How Small Changes Can Lead to Big Results

“A journey of a thousand miles must begin with the first step.” – Lao Tzu

I’ve got a picture of an elephant hanging in my office. It’s there to remind me of two things:

  1. How do you eat an elephant? One bite at a time.
  2. By the mile it’s a trial, by the yard it’s hard, by the inch it’s a cinch.

I love the idea of accomplishing big things. But the work of getting there can quickly become exhausting.

That’s why I loved One Small Step Can Change Your Life by Robert Maurer. It’s a book about the kaizen philosophy: an embrace of ridiculously small steps which can lead to significant change over time.

I’ve known that the “go big or go home” philosophy is dumb and dangerous for awhile now. I’ve read (and re-read) Getting Things Done and understand the importance of breaking projects down into bite-sized chunks and defining next actions.

And yet. There’s still a part of me that wants to ignore the wisdom of all that and take on more than I can handle. I needed this book to rein me back in.

Here what I found most helpful in Maurer’s work:

Change doesn’t have to be as hard as we make it. Using Kaizen, we can practice taking simple, small steps that eventually lead to big results.

“A journey of a thousand miles must begin with the first step.” – Lao Tzu

We think that taking massive action will create the change we’re looking for, but it usually backfires. Trying to change too much, too soon, is a setup for failure.  “Too often, you meet with success in the short term, only to find yourself falling back into your old ways when your initial burst of enthusiasm fades away. Radical change is like charging up a steep hill – you may run out of wind before you reach the crest, or the thought of all the work ahead makes you give up no sooner than you’ve begun.”

“I long to accomplish a great and noble task but it is my chief duty to accomplish small tasks as if they were great and noble.” Helen Keller

“Don’t look for the big, quick improvement. Seek the small incremental improvement one day at a time. That’s the only way it happens – and when it happens, it lasts.” John Wooden

“All kaizen asks is that you take small, comfortable steps towards improvement.”

“Low-key change helps the human mind circumnavigate the fear that blocks success and creativity.”

“While the steps may be small, what you’re reaching for is not.”

Our brains are often irrationally afraid. We imagine worst case scenarios and avoid taking risks. We set ourselves up for failure by creating huge goals, which then trigger our fear/stress response, which then shuts down our higher level/logical thinking, which in turn paralyzes us or causes us to run away, which leads to our inevitable failure. The kaizen approach bypasses our lizard brain by assuring us that it’s only a small risk, a small step, and therefore we are relatively safe in pursuing our goals. Kaizen “unsticks you from a creative block, bypasses the fight-or-flight response, and creates new connections between neurons so that the brain enthusiastically takes over the process of change and you progress rapidly towards your goal.”

So too, big questions can overwhelm us and others. A boss asking, “What is each of you going to do to make our company the best in the industry?” shuts employees down. A boss asking, “Can you think of a very small step you might take to improve our process or product?” opens employees up. Kaizen questions are so small and non-threatening that they bypass our defenses and allow us to leverage our subconscious and intuition.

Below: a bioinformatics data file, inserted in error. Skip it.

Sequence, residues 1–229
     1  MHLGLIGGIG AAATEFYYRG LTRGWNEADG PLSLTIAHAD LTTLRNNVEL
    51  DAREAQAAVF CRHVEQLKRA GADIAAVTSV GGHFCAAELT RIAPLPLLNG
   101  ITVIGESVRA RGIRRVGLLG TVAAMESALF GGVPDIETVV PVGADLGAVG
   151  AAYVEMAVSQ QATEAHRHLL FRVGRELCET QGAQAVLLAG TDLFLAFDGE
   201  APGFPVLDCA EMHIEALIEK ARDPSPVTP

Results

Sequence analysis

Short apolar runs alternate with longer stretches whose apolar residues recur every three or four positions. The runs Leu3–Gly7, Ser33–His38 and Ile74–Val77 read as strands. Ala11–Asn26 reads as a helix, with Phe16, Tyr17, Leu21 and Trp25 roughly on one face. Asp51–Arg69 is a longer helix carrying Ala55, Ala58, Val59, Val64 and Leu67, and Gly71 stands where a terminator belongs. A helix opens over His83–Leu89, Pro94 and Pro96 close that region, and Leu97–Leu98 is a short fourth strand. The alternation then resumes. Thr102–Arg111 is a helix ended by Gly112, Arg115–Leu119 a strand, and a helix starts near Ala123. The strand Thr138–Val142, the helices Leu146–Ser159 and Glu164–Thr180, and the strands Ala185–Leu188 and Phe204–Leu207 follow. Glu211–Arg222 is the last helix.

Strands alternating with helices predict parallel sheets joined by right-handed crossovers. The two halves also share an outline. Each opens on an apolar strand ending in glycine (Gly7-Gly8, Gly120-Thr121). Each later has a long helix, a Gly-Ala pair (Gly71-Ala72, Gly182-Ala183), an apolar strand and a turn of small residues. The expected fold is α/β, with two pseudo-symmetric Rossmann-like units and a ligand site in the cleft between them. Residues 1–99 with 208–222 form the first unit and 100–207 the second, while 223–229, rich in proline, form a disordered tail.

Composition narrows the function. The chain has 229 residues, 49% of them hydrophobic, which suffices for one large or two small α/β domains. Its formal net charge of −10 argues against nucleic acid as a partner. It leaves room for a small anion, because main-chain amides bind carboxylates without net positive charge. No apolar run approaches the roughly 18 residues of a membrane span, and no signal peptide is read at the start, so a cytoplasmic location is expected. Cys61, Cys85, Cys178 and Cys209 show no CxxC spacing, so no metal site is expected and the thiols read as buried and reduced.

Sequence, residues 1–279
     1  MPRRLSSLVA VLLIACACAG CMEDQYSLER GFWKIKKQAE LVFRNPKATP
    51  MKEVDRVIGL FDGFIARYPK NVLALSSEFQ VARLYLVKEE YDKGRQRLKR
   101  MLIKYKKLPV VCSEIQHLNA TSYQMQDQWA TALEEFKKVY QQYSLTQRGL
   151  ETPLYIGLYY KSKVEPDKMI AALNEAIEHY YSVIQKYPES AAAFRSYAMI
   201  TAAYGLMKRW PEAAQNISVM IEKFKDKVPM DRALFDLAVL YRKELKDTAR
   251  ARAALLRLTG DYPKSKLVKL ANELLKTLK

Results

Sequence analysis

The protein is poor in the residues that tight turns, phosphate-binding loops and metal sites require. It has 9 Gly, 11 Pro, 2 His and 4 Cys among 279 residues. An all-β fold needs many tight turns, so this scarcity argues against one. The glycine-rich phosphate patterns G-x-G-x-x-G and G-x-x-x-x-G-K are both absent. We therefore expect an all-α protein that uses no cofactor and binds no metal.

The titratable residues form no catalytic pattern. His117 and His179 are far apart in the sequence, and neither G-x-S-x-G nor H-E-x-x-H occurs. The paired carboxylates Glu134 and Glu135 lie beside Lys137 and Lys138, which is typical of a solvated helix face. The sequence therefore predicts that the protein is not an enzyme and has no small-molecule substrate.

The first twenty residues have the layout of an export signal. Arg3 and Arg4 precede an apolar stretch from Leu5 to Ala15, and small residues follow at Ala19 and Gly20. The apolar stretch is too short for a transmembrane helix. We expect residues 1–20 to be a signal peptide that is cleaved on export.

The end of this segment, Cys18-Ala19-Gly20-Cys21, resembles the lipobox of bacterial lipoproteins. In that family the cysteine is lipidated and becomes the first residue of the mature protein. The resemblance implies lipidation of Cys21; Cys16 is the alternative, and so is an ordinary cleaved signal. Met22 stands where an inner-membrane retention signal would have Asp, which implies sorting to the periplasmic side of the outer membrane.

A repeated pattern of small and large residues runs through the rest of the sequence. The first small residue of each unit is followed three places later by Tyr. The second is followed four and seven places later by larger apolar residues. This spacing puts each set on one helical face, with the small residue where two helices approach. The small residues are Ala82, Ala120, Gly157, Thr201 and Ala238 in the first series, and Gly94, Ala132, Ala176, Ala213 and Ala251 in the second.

Mind-sculpture (a form of visualization) is another kaizen technique we can use to tackle big things in approachable ways. “It requires practitioners to pretend that they are actually engaged in the action, not just seeing but hearing, tasting, smelling, and touching. In mind sculpture, people imagine the movement of their muscles, and the rise and fall of their emotions. in this way, you can approach a difficult task with a purely mental rehearsal, avoiding the unproductive fear that comes with the ‘feet-first’ strategy. You can train your brain by small increments to develop the new set of skills it needs to actually engage in this task.”

Examples of kaizen goals and actions:

Screenshot 2018-02-17 at 9.40.50 AM

“People who struggle with kaizen do so not because the steps are hard but because they are easy. They can’t overcome the cultural training that says change must always be instantaneous, it must always require steely self-discipline, and it must never be pleasurable. We think that if we’re hard on ourselves, exhorting ourselves to do more and to do it faster, we’ll get better results. We say: How can I get to my goal in one minute a day? At this rate, it’ll take years! But kaizen asks us to be patient. It asks us to have faith that with small steps, we can better overcome the mind’s initial resistance to change.

By practicing kaizen, we can help ourselves transition from not wanting to do something to actually desiring it. Kaizen reduces drag and increases motivation. Kaizen makes it easier to do the right things and harder to do the wrong things.

Kaizen works both ways; it’s not just about establishing good habits or achieving positive goals, but also about catching bad ones and noticing problems while they are still small before they have a chance to become big.

Kaizen can become a way of life – appreciating the small gifts that life brings; embracing small ways of loving others.

The essence of kaizen: “an optimistic belief in our potential for continuous improvement.”

So there you have it. Post some of those quotes where you can see them, and  consider picking up a copy of the book. You could read, like, one page a day. 😉

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